Last Harvest


Well, this is it, the last harvest of the season. Huge basket full of bell and poblano peppers. They were predicting frost for last night, and I decided to just pick all of the peppers that were remaining in the gardens and not try to keep the plants going any longer.

Ironically, the pepper plants are doing better now than they were during the height of the growing season. They really seem to like cool, fall weather. The dopey things are still blossoming out there.

The peppers are easy to deal with. Just wash them, cut off the stems, take out the seed pods, then dice them up, stick them in containers and freeze them. No blanching or anything else is necessary.

I don’t know if it actually froze last night. It’s still dark as the inside of a cow out there even at 6:30 AM. (Why in the world do I get up this early, anyway???)  The remote thermometer says the low last night was 37, but it’s in a sheltered location near the house and out in the yard it’s often colder.

It’s really time to start prepping for winter. I need to rearrange the stuff in the garage, get the motorcycle put away so I can get the snowblower out. This semi-annual game of shuffle board is a pain in the neck, but that’s what happens when you have more stuff than storage space.

I’ve been hearing the “S” word popping up in the weather forecasts. Yes, snow. The chance of us getting any are close to zero. It looks like it’s going to be mostly in the far north of the state, but you never know.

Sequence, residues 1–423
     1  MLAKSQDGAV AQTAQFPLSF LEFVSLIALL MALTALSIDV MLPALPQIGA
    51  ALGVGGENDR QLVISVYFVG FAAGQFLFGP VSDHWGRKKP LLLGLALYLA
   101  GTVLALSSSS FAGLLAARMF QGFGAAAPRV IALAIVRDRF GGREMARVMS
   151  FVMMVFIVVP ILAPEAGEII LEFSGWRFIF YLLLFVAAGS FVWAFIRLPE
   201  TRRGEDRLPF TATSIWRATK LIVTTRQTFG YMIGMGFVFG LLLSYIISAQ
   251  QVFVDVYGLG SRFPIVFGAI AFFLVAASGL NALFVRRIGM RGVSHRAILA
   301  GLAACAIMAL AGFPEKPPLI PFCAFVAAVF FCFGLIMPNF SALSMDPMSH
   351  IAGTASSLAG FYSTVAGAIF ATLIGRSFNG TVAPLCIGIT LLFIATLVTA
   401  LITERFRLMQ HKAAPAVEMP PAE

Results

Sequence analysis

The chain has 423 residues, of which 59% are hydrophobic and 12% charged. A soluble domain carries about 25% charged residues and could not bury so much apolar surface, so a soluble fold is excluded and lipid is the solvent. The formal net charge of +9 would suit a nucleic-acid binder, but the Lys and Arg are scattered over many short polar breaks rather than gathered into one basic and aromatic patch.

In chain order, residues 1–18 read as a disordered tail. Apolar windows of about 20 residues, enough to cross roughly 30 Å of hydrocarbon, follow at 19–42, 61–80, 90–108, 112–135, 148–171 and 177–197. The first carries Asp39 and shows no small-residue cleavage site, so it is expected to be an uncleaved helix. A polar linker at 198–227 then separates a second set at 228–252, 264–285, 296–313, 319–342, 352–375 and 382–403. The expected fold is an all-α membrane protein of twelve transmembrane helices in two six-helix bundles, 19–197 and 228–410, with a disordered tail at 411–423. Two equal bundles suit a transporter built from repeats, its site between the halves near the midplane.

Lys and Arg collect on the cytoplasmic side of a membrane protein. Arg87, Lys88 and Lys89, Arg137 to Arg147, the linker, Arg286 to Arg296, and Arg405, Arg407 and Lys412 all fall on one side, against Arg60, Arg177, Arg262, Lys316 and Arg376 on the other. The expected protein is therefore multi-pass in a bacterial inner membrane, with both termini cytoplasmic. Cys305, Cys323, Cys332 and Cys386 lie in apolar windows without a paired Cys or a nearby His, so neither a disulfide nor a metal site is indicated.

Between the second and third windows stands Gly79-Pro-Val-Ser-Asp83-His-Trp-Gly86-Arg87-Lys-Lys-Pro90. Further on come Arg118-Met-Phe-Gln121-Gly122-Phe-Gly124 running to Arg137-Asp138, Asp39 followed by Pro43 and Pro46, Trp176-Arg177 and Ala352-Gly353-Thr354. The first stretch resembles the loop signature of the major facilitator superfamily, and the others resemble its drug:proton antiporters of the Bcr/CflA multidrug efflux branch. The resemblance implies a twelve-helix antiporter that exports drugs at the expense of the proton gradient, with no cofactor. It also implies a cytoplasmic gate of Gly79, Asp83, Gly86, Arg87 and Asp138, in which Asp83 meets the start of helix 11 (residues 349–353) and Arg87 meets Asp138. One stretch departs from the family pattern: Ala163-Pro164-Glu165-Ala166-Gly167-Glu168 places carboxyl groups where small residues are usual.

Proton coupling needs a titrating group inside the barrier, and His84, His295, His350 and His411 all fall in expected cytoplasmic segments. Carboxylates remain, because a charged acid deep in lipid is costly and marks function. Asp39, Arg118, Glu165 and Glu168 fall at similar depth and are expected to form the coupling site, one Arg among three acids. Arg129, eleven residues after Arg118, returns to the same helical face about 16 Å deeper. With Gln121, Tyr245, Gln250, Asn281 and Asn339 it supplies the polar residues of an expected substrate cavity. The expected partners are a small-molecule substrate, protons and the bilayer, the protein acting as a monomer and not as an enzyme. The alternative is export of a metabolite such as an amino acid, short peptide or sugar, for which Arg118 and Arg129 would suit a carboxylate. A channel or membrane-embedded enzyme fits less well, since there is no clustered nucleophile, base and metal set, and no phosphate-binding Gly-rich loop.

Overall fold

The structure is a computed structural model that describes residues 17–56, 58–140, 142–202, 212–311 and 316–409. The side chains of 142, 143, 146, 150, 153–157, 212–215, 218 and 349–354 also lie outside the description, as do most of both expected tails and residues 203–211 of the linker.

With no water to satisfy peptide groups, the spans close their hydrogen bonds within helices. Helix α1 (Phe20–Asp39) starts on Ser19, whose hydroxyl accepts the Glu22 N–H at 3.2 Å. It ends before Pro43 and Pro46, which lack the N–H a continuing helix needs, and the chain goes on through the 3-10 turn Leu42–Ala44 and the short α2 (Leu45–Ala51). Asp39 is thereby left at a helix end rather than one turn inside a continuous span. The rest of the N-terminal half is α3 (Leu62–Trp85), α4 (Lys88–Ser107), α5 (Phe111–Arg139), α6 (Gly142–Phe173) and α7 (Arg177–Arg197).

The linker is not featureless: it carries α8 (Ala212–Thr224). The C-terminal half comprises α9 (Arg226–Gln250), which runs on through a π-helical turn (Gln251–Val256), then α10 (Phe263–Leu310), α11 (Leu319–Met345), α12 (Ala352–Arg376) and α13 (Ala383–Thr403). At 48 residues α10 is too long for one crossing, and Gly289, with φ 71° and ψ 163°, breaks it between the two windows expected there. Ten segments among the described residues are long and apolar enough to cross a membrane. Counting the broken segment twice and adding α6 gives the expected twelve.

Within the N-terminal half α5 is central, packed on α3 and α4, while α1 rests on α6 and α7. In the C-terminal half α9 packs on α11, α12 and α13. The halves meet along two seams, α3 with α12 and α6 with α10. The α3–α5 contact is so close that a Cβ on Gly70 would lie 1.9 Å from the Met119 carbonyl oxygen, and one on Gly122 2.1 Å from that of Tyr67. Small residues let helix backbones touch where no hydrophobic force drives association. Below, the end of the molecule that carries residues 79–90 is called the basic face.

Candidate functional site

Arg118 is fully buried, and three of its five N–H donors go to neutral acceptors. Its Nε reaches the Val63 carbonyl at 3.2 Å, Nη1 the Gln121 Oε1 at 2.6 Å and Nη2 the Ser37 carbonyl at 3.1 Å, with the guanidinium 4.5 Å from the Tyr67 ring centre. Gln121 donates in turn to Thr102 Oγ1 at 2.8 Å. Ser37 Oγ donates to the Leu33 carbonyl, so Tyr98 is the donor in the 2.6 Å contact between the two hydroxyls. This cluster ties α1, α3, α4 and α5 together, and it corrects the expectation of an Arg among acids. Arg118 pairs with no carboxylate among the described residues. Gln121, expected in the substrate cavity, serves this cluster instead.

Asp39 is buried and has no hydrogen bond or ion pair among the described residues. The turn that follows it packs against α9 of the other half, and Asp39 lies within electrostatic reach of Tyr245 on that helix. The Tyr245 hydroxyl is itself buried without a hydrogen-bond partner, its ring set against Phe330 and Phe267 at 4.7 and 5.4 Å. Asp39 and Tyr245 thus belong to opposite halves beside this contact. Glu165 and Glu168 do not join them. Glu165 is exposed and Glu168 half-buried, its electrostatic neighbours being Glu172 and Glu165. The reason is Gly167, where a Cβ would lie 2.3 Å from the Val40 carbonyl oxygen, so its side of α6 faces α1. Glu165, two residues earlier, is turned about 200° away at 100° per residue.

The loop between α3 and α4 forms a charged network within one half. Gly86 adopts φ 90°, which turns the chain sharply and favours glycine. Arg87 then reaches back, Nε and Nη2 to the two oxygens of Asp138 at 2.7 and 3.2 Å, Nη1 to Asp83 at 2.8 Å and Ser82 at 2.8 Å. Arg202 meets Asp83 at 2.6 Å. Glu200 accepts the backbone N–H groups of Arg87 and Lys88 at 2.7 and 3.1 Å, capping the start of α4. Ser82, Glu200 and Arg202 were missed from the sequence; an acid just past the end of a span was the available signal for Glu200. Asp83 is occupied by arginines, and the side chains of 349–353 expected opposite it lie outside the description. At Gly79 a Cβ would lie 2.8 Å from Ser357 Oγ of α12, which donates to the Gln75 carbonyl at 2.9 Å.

Author: grouchyfarmer

Yes, I'm a former farmer. Sort of. I'm also an amateur radio operator, amateur astronomer, gardener, maker of furniture, photographer.

2 thoughts on “Last Harvest”

  1. Snow. In Cincinnati, a dusting of snow will cause people to hole up like snowpacolypse has happened. We get a big snow about 4x a year. And by big I mean it’s more than 2″ on the ground and it stays. But mostly it’s just gray and cold and dismal.

    I would rather there was snow on the ground from frost to melt. Otherwise there is nothing specific to struggle against, but it’s remains constant and wearing and bleak. It’s easier to identify the enemy when there is snow on the ground.


    1. I must confess we find it a bit amusing when we see news reports about entire cities being shut down by a couple of inches of snow. But we tend to forget that they aren’t equipped to deal with that kind of thing the way we are. We’d have to get at least 4-6 inches of snow and serious drifting before they start canceling school here, but we’re equipped to handle it. We have enough snow plows, salters, etc. to deal with it.

      I’d much rather see snow than the dull browns of dead grass and bare ground also. Everything looks dull and dirty until we get the first significant snow of the season.

      Liked by 1 person

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